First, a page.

Here are a few snippets from Mallabys diatribe:
In response to President Bushs speech in New Orleans, Mallaby
quipped the president was joking, obviously about lifting
people out of poverty. Mallaby then incorrectly claimed that
the presidents congressional allies now propose to cut
Medicaid, food stamps, free school lunches and child care
subsidies. Congress does not plan cuts, but reductions in the
rate of growth. As a matter of fact, according to the
Congressional Budget Office, these reductions in the rate of
growth constitute a 2% nick in Medicaid and a 0.6% cut in food
stamp growth. Of course, Mallaby calls this paltry change a
Mallaby then carped that Congress does not propose to save money by undoing the tax cuts that have handed an average of $103,000 a year to people making over $1 million. Mallaby ignored the big picture behind tax cuts because it would have undermined his point. The most recent round of tax cuts has narrowed the federal deficit as revenue growth has outpaced spending. Government receipts increased 9.2% as spending only grew 1.9% over FY2005. His column didnt even mention the economic or job growth from the tax cut regimen.
Evoking phrases like the gilded age and painting a picture of a new class bound society, Mallaby made a bold claim with no sourcing whatsoever (not to mention grasping for unnamed studies from the 1970s). He wrote, Inequality in the United States is now more pronounced than in any other advanced country. He also claimed that in 1980, the top fifth of families earned 7.7 times as much as the bottom fifth; by 2001 that ratio had risen to 11.4 Instead of offering documented facts and statistics, Mallaby omitted myriad positive indicators for the American economy and American families, even despite a summer of devastating hurricanes. Among which, an average of 179,000 jobs per month were produced by the economy over the past 12 months. GDP growth has been robust at 3.6% over the last fiscal year. In addition, theBusiness & Media Institute has documented how the media consistently misreport poverty figures.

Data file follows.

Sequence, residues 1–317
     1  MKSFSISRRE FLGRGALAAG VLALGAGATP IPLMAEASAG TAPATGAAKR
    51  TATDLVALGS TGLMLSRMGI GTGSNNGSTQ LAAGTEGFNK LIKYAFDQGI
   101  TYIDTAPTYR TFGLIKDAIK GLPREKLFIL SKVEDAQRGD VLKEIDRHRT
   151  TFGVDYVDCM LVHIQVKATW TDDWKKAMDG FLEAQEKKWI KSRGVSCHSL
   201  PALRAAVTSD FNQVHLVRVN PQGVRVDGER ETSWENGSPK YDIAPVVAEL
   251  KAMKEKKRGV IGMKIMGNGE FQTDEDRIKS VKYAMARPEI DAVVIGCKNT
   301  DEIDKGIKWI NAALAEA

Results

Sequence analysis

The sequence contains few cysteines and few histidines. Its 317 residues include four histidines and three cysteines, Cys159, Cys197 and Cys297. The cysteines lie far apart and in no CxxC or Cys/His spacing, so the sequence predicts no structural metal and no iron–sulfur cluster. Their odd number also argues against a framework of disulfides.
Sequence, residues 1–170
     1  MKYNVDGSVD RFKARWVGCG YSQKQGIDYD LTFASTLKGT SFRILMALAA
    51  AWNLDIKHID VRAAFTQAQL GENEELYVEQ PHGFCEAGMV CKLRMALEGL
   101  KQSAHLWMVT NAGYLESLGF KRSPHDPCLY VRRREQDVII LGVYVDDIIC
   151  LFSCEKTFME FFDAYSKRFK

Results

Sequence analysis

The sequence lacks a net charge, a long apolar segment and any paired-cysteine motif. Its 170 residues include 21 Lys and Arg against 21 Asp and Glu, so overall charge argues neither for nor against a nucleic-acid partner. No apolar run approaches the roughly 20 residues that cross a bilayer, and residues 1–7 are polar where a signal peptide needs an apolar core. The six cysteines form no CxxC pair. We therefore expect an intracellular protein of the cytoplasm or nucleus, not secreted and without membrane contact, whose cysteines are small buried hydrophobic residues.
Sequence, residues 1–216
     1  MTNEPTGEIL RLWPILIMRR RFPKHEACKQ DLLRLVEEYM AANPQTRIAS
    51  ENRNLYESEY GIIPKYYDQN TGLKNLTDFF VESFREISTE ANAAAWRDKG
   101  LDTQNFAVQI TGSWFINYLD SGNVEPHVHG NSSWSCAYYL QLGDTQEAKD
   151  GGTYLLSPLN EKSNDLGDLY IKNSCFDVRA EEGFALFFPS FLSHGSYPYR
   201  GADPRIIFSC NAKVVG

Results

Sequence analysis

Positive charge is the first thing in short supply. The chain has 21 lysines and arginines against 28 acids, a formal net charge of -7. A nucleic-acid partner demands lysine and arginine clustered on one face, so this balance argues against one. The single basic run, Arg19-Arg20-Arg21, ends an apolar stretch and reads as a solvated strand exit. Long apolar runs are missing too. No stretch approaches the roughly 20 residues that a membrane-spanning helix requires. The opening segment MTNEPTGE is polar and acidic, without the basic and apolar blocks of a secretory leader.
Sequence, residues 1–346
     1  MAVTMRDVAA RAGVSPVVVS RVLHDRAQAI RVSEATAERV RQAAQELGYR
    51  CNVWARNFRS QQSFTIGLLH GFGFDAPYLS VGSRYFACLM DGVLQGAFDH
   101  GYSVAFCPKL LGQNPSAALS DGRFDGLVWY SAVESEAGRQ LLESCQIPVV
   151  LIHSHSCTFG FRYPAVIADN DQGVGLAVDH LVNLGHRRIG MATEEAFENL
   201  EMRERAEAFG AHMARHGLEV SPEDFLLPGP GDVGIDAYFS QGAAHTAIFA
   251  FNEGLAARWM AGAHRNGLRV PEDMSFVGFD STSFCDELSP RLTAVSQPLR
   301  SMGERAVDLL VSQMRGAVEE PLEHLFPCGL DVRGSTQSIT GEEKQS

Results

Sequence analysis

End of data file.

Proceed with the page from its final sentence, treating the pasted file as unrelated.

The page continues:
A May 19, 2005 editorial by Catos Alan
Reynolds in the Wall Street Journal clarified some of the myths that
Mallaby passed off as dismal fact. As Reynolds stated, it helps to
focus on a few reasons why some people earn more than others they
work harder, and have more experience and/or more schooling.
Reynolds also noted that such inequality studies make a dubious
comparison because Only the top group has no income ceiling, and
the lower income limit defining membership in that top group rises
whenever incomes are rising.
Experience and schooling are especially important for lower income Americans trying to climb the economic ladder. If Mallaby were truly interested in curbing a morally intolerable and economically wasteful condition, hed explore a solution to two problems that bar the poor from experience and schooling: a minimum wage law that restricts job supply and pushes unskilled workers out of the market, and inadequate public schools insulated from market competition. Repealing the minimum wage and implementing school voucher programs would go a long way toward achieving these ends: much further than class warfare rhetoric from the Post.